elevated unemployment, and low participation in the labor force. More than one-third (37%) of adults age 25 and over do not have a high school diploma or equivalent, and only 6% have earned a Bachelor’s degree or higher.


Infrastructure

Infrastructure is the set of fundamental facilities and systems that support the sustainable functionality of households and firms. Serving a country, city, or other area, including the services and facilities necessary for its economy to function.


*The Dayton Street area is ground zero for extreme climate impacts – i.e. high vulnerable to flooding due to sea level rise by 2050. The NHA did not even know this until Clean Water Action brought it to their attention.


The Dayton Street Choice Neighborhood project was a “build from scratch” collaboration between the Newark Housing Authority, HUD and City of Newark. The existing “Dayton Street Transformation Plan” included a new ‘Green Training Facility’. It is under construction by NHA, the long-term operator of this facility. Clean Water Fund was asked by NHA to partner with them, as well as help bring Newark One Stop Career Center, Rutgers University,

and USEPA to the table with their green job training expertise and funding potential. That shared goal was to connect residents to essential resources that would generate families supporting green jobs, business opportunities for local residents, as well as prioritize municipal and private investment around green infrastructure and

neighborhood designs; starting with the Dayton Street areas and the Upper Clinton Hill Business District.


It was noted by Clean Water Fund, that establishing a neighborhood-based training facility would help to ensure residents of Newark, more particularly members of the Dayton Street Community, has the opportunity to experience a continuous and timely knowledge of and access to green jobs, career exploration, training, certification and other opportunities to succeed within the emerging green economy.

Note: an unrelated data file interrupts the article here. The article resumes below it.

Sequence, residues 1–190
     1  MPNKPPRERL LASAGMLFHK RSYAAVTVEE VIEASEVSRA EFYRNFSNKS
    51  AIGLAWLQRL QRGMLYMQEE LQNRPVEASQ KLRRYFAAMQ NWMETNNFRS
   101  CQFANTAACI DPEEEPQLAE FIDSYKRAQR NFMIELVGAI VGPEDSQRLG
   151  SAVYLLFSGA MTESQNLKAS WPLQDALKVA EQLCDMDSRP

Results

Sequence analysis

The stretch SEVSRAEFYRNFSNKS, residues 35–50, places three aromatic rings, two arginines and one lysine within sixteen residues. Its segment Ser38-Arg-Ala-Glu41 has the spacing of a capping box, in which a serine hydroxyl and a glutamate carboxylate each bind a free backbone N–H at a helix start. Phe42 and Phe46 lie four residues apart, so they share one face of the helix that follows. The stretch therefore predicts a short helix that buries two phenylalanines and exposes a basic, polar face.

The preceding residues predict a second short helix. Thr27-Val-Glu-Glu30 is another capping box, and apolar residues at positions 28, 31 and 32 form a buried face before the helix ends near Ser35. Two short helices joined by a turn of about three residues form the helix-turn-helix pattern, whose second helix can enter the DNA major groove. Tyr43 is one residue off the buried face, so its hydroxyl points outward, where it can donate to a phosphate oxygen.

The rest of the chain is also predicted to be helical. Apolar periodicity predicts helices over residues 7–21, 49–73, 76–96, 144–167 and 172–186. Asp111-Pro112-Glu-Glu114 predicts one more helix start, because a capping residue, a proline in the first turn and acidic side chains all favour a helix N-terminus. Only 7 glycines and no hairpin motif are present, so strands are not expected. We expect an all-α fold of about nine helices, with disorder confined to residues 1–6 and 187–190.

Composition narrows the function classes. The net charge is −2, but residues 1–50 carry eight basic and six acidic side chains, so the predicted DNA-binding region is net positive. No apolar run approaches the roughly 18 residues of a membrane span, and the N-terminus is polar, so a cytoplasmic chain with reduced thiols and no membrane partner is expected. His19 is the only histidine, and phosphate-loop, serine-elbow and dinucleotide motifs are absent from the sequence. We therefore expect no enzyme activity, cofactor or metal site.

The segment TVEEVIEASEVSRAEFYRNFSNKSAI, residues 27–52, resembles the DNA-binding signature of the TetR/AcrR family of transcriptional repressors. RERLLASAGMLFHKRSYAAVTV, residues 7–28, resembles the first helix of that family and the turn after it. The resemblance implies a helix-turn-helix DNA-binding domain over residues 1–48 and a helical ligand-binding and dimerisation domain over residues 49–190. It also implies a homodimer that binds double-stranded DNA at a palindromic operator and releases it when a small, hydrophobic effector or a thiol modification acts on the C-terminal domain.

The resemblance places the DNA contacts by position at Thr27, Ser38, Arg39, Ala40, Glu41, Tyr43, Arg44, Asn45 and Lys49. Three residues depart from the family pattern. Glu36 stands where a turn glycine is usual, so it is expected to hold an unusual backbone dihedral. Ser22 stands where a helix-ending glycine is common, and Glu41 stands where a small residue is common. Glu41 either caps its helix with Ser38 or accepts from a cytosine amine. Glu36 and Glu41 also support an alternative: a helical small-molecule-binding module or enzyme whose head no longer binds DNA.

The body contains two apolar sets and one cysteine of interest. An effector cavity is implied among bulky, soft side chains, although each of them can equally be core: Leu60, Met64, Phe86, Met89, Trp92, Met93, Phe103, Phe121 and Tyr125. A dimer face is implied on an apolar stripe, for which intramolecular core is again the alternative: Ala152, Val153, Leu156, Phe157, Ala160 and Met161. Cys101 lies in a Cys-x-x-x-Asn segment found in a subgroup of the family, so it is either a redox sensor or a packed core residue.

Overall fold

In the Dayton Street neighborhood, CWF worked to reduce greenhouse gases and other global warming agents through a comprehensive strategy that includes in Year 1: undertaking a community mapping exercise to identify diesel hotspots, conducting 1 or 2 diesel truck count and community-based air monitoring projects along Frelinghuysen Avenue, developing a “no idling” strategy” in the neighborhood, and meet with commercial trucking and other businesses, city and & USEPA to discuss diesel reduction strategies, signage, and enforcement. In Year 2, CWF worked with NHA to advance energy efficiency, conservation and renewable energy measures that possibly would integrate into the design plans thereby keeping down utility costs while maintaining comfort. CWF also

maintained vigilance on no idling and other diesel reduction measures through community watch and report techniques.


In the Dayton Street Neighborhood, CWF worked to reduce flooding and heat island effect by formalizing the partnership with NHA. Together, CWF and NHA engaged the community and other stakeholders in the design and implementation elements of HUD’s CHOICE neighborhood project, as well as sought agreement on the following elements: green training/job opportunities for public housing residents, installation of post demolition and pre-construction ‘interim’ land uses with green infrastructure elements (e.g. reduce flooding, heat island and pollution) that complement the long term plan. CWF and the community has been a consistent presence in working with NHA on both design and final implementation of redevelopment plans; and will ensure that NHA keeps multi-faceted, cost effective, and sustainable resiliency measures in the forefront when making choices about building, grounds, infrastructure, and quality of life amenities.